I been collecting en sharing stories for moons going on decades now for de love, survival en nourishment of mi soul en others. There’s a hadithi I know it’s about de earth en how it floats in space on de back of a turtle, I read it in The Truth About Stories: A Native Narrative by Thomas King, one of the books that dis blog owes its existence to, not only for de full on embracing of his ‘beginning’ in dis series of ‘Hadithi Zetu’ but for de legacies en continued guidance en protection of his wahenga. In that spirit of intimacy or dis ting we call ubuntu..
Kuna hadithi najua vile, hapo zamani za kale, jua na maji were great friends, en both lived on de earth together. The sun very often used to visit de wota, but maji never returned his visits. At last de jua asked maji why it was he never came to see him in his house. Maji replied that de sun’s house was not big enough, en that if s/he came with hir people s/he would drive de sun out.
Maji then said, “If you wish me to visit you, you must build a very large compound; but I warn you that it will have to be a tremendous place, as my people are numerous en take up alot of room.”
De jua promised to build a very big compound, en soon afterward he returned home to his wife, de moon, who greeted him with a broad smile when he opened de door. De Jua told de moon what he had promised de maji, en de next day he started building a huge compound in which to entertain his friend.
When it was completed, he asked de maji to come en visit him de next day.
When maji arrived, s/he called out to de sun en asked him whether it would be safe for hir to enter, en de ju answered, “Yes, come in, mi rafiki.”
De maji began to flow in, accompanied by de fish en all de wota animals.
Very soon de maji was knee deep, so he asked de sun if it was still safe, en de jua again said, “Yes,” so mo maji came in.
When de water was level with de top of a man’s head, de maji said to de sun, “Do you want mo of my people to come?”
De sun en de moon answered, “Yes,” not knowing any betta, so de maji flowed in, until de sun en moon had to perch themselves on de top of de roof.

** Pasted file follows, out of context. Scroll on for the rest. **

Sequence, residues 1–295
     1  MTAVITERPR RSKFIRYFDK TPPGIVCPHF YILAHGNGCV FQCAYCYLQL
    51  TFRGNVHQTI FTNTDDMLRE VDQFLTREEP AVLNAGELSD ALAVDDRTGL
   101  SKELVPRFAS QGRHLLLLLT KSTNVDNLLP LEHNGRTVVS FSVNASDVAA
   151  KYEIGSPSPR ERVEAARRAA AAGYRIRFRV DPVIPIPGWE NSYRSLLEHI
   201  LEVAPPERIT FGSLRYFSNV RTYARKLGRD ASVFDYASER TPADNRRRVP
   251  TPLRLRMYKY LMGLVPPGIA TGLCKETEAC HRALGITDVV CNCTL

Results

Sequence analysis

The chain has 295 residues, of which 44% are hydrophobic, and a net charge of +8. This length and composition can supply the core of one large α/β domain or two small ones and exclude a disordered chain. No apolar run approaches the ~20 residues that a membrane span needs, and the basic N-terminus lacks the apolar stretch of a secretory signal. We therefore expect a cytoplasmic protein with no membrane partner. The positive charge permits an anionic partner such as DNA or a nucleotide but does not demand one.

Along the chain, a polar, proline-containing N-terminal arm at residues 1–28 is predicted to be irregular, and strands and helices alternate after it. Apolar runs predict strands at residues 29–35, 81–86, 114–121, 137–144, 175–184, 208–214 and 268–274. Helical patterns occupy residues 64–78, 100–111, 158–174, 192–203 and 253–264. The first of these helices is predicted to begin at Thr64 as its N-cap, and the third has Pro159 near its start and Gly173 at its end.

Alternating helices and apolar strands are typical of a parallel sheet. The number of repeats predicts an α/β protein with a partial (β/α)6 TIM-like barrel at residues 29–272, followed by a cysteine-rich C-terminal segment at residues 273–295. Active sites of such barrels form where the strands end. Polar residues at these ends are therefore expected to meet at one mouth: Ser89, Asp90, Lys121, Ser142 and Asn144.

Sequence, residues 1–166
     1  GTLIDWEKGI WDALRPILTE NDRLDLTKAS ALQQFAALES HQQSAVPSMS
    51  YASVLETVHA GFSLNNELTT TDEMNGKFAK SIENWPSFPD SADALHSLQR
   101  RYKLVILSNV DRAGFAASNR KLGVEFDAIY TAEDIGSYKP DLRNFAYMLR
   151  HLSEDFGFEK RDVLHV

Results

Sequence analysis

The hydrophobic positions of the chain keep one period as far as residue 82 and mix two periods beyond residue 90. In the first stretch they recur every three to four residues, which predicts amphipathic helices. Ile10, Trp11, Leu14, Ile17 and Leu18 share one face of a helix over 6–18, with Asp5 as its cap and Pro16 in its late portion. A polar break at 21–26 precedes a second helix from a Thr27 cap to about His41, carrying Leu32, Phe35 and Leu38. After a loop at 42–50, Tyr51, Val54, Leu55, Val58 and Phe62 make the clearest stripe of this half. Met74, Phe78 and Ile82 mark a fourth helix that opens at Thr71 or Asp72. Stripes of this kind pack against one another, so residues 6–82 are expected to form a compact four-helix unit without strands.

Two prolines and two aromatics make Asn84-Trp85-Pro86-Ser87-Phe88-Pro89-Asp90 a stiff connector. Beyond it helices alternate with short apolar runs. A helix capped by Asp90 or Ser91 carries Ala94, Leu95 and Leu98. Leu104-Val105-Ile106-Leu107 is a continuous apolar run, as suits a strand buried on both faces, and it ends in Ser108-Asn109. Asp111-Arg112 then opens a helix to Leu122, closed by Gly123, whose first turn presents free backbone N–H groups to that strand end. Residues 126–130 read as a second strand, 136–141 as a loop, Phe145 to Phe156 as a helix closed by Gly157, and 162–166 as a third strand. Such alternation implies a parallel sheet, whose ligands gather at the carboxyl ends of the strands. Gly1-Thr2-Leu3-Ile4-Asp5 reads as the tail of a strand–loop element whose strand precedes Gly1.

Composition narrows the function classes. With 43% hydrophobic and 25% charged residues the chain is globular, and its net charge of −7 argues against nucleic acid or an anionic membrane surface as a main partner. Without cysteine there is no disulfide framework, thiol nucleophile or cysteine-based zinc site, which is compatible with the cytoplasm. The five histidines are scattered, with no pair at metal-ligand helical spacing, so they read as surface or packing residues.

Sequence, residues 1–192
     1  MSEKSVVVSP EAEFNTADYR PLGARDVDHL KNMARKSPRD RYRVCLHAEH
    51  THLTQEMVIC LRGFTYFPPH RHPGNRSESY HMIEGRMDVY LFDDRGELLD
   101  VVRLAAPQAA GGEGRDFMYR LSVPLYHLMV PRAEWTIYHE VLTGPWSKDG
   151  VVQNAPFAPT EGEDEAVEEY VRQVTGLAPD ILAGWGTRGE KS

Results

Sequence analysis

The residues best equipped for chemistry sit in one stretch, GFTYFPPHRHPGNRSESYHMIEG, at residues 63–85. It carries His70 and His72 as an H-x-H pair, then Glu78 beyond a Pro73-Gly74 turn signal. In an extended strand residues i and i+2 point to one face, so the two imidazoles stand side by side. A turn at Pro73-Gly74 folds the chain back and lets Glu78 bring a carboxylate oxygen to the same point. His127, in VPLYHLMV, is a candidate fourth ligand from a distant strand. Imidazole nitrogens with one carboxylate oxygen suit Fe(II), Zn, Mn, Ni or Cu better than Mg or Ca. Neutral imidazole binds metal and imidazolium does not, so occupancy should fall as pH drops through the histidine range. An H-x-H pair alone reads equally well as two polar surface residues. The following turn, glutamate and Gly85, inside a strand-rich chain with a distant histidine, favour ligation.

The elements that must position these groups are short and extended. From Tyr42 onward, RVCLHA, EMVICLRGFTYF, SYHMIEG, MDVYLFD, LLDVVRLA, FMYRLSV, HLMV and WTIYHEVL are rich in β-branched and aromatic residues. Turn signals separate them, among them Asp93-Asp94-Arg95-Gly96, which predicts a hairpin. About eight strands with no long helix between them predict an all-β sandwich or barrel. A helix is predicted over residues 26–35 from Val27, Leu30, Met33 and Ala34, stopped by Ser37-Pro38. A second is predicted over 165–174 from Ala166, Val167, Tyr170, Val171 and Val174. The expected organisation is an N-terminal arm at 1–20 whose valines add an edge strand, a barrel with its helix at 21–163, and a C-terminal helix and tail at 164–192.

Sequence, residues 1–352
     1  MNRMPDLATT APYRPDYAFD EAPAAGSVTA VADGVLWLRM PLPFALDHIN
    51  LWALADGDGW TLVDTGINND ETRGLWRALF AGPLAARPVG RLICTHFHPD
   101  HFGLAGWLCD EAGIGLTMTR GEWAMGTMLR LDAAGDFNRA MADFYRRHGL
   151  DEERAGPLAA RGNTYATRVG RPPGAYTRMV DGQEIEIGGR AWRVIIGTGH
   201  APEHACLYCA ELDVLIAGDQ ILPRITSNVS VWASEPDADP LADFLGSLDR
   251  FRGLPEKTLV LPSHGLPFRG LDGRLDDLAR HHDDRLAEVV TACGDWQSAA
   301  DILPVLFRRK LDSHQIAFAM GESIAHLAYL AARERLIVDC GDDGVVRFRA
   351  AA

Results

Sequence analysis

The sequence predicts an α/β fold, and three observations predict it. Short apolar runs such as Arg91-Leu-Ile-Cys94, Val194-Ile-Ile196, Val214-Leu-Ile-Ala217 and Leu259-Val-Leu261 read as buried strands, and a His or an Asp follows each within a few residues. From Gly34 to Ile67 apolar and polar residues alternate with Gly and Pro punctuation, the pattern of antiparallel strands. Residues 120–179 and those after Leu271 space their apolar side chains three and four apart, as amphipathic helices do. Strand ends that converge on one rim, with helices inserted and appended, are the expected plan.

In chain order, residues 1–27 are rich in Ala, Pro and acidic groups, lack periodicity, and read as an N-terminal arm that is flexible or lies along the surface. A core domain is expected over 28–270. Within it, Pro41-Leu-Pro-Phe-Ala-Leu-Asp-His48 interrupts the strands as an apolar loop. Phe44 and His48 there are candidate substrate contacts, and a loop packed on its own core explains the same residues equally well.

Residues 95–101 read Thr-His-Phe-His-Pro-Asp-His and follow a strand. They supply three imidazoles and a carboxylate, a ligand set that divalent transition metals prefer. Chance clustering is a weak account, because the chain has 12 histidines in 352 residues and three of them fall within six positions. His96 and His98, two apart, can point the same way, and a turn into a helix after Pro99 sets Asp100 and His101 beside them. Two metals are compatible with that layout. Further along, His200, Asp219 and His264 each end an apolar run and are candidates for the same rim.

Again de maji addressed de sun, but, receiving de same answer, en more of his people rushing in, de wota very soon overflowed de top of de roof, en de sun en de moon were forced to go up into de sky, where they have remained ever since.
Hadithi wa Ibibio-efik, via Best Loved Folktales of The World [ selected by Joanna Cole]
And there’s another story I know bout the Origin of Death as retold by de (wA)Kamba people of Kenya
Asasi wa Kifo
And how did it happen?
It is God/dess who created men. And since God/dess has pity, S/he said, “I do not wish men to die altogether. I wish that men, having died, should rise again.” And so he created men en placed them in another region. But he stayed at home.
And then God/dess saw de chameleon en de weaver bird. After he had spent three days with de chameleon en de weaver bird, He recognised that de weaver bird was a great maker of words compounded of lies en truth. Now of lies there were many, but of de words of truth there were few.
Then s/he watched de chameleon en recognised that he had great intelligence. He did not lie. His words were true. So he spoke to de chameleon, “Chameleon, go into that region where I have placed de men I have created, en tell them that when they have died, even if they are altogether dead, they shall still rise again-that each man shall rise again after he dies.”
De chameleon said, “Yes, I will go there.” But he went slowly, for it his fashion to go slowly. De weaver bird had stayed behind with God/dess.
De chameleon travelled on, en when he had arrived at his destination, he said, “I was told, I was told, I was told……” But he did not say what he had been told.
De weaver bird said to God/dess, “I wish to step out for a moment.”
And God/dess said to him, “Go!”
But de weaver bird, since he is a ndege, flew swiftly, en arrived at de place where de chameleon was speaking to de people en saying, “I was told…..” Everyone was gathered there to listen. When de weaver bird arrived, he said, “What was told to us? Truly, we were told that men, when they are dead, shall perish like de roots of de aloe.”
Then de chameleon exclaimed, “But we were told, we were told, we were told, that when men are dead, they shall rise again.”
Then de magpie interposed en said, “De first speech is de wise one.”
And now all de people left en returned to their homes. This was de way it happened.
And so men become old en die; they do not rise again.